means for encoding said transport packet into multilevel symbols;
means for arranging said transport packets into fields of repetitive data segments, each of said data segments including a data segment sync and each of said fields including a field sync; and
means for transmitting said fields of data segments as a VSB modulated signal.
21. The combination of claim 20 further comprising adding a pilot in the form of a DC offset to said fields of data segments.
22. The combination of claim 20 further including:
means for receiving said transmitted fields of data segments;
means for generating a timing signal responsive to said data segment sync; and
means for reinserting said MPEG sync information in said transport packets responsive to said timing signal.
23. A method of receiving an ATV signal having MPEG compressed video and compressed audio in the form of elementary streams of data formatted in a plurality of fixed length MPEG transport packets, with the MPEG sync information removed, the transport packets being encoded as multilevel symbols and being arranged in fields of repetitive data segments, each of the data segments including a data segment sync and each of the fields including a field sync comprising:
receiving and demodulating the transport packet;
recovering the data segment syncs;
generating a timing signal responsive to the recovered data segment syncs; and
reinserting the MPEG sync information in the transport packets responsive to the timing signal.
24. The method of claim 23 further comprising demultiplexing the transport packets with the reinserted MPEG sync information to recover the elementary streams of data.
25. A receiver for receiving a plurality of multiplexed fixed length MPEG format transport packets without packet sync information, including compressed MPEG video and compressed audio arranged in fields of repetitive data segments, each of said data segments including a data segment sync and each of said fields including a field sync and encoded as multilevel symbols comprising:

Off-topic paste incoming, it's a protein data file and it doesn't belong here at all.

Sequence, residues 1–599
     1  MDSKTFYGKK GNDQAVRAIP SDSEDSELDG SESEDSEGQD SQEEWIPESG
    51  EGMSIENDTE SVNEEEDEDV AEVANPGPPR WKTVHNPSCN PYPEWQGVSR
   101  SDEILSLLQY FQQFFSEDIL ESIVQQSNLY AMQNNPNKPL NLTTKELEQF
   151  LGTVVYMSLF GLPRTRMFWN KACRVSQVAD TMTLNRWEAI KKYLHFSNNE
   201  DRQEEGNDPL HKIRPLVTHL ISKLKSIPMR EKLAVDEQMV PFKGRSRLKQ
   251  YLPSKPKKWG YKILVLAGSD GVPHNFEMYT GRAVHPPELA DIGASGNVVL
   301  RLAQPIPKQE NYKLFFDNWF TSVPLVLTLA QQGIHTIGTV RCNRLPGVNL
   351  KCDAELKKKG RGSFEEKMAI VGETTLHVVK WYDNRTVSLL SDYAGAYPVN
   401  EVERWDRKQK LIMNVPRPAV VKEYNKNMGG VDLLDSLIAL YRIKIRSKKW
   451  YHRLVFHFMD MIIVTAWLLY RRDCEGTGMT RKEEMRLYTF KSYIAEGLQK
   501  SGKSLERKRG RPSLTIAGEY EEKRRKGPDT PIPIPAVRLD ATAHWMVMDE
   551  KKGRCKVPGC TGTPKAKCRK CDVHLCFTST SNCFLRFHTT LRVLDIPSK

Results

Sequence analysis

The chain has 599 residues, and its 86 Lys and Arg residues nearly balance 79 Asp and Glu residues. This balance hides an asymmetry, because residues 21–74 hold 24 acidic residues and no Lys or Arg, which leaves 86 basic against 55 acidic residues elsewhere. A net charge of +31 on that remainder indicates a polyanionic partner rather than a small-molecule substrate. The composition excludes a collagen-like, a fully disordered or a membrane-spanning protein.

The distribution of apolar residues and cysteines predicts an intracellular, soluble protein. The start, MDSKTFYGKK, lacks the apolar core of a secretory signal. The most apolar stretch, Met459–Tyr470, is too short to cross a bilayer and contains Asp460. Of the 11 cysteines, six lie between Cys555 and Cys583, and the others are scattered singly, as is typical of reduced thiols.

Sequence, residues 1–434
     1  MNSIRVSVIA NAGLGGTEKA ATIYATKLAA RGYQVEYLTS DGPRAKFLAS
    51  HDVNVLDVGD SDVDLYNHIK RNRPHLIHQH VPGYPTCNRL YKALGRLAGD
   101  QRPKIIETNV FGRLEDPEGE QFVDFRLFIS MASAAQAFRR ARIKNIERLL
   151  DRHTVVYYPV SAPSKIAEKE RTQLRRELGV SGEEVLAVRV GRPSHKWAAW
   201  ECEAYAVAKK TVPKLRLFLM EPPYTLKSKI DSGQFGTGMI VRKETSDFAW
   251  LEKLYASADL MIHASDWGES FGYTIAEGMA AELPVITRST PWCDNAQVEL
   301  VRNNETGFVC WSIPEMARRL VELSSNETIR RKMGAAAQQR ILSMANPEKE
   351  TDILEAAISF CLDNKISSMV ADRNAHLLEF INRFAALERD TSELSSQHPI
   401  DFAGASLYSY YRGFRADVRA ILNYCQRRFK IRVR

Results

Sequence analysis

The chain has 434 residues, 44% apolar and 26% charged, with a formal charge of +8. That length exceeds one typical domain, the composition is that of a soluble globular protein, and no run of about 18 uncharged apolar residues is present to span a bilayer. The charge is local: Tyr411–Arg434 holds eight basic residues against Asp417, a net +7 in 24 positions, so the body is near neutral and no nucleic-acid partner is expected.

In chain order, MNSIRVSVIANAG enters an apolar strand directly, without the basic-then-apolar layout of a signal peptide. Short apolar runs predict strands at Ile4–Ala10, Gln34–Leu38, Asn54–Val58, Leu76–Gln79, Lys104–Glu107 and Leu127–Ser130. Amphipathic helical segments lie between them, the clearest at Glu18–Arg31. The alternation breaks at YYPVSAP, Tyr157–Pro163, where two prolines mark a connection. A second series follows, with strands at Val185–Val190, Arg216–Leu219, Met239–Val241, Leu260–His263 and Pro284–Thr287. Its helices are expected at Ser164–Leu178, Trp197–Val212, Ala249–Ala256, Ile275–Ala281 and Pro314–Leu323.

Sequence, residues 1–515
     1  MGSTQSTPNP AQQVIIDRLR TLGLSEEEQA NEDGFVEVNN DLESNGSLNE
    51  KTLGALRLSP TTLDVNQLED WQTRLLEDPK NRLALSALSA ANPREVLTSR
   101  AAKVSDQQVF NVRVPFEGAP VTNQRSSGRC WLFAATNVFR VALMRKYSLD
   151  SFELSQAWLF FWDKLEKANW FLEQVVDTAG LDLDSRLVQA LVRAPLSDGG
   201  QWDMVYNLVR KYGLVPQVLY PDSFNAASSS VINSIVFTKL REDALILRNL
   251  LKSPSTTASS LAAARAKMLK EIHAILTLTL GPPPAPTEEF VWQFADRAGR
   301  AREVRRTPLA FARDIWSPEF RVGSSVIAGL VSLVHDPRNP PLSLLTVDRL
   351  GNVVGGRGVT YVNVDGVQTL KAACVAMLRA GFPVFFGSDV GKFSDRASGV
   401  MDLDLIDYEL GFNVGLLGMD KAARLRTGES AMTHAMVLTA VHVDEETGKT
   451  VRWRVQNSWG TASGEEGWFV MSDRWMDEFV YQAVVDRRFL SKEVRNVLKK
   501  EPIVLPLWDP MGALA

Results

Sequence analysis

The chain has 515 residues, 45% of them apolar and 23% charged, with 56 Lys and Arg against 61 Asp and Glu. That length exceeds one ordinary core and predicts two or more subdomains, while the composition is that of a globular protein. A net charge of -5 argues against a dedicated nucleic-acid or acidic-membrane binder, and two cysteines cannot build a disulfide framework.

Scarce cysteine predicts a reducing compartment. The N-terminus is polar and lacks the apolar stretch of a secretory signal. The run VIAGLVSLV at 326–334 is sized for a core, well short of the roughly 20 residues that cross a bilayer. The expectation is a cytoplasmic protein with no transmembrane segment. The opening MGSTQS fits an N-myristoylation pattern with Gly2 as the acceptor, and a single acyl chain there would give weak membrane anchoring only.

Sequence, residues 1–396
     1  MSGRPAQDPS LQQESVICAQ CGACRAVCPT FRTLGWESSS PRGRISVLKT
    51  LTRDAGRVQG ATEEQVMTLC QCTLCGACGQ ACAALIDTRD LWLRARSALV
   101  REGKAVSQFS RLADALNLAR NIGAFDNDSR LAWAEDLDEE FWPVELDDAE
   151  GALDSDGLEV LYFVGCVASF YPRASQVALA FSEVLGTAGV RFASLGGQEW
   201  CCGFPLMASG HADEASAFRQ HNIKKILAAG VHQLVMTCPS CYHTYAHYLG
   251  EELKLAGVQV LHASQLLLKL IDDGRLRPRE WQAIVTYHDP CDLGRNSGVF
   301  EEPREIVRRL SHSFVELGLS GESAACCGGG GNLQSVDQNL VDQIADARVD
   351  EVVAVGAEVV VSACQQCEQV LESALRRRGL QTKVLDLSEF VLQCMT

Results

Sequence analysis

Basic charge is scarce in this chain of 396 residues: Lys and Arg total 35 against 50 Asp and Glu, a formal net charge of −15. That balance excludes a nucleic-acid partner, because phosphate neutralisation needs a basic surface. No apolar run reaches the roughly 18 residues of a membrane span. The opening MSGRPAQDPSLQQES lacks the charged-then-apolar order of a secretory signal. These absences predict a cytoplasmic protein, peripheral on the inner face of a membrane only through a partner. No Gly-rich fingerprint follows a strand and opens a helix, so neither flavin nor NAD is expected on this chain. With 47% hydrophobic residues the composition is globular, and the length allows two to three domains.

means for demodulating said received transport packets;
means for recovering said data segment sync;
means for generating a timing signal responsive to said data segment sync identifying the beginning of each of said transport packets; and
means for recovering said transport packets in response to said timing signal.
26. The receiver of claim 25 further comprising means for demultiplexing said recovered transport packets.
Description
CROSS REFERENCE TO RELATED APPLICATIONS

This application is a continuation-in-part of application Ser. No. 08/417,581, filed Apr. 6, 1995, which is a continuation-in-part of application Ser. No. 08/175,061, filed Dec. 29, 1993 now abandoned.

BACKGROUND OF THE INVENTION AND PRIOR ART

This invention relates generally to a system for transmitting data in MPEG (Motion Picture Experts Group) packet form and specifically to a system for increasing the efficiency of such transmissions. The MPEG packets may comprise encoded video, audio or auxiliary data.

According to the MPEG standard, variable length packetized elementary streams (PES) of data are arranged into fixed length transport packets for transmission. Each MPEG packet comprises a 4 byte header followed by 184 bytes of payload (188 byte packet). The header includes a sync byte (corresponding to 47 HEX) and a 13 bit packet identifier (PID). The 188 byte transport packets are multiplexed for transmission over any suitable transmission medium. The proposed United States standard for advanced television (ATV), which includes both high definition television (HDTV) and lower than HDTV resolution signals, contemplates the transmission of MPEG transport packets using a digital multilevel VSB transmission system. The VSB transmission system in both terrestrial and 2/4/8/16-level cable modes is characterized by a data frame illustrated in FIG. 1. The frame comprises two data fields of 313 data segments each, with each data segment comprising 832 multilevel symbols. The first data segment in each field comprises a data field sync segment and each data segment is headed by a four symbol data segment sync followed by 828 data and FEC (forward error correction) symbols. The field and segment sync symbols facilitate recovery of the data in the ATV receiver and provide timing signals that identify the beginning of each frame and segment. Each field sync segment also includes information identifying the VSB mode.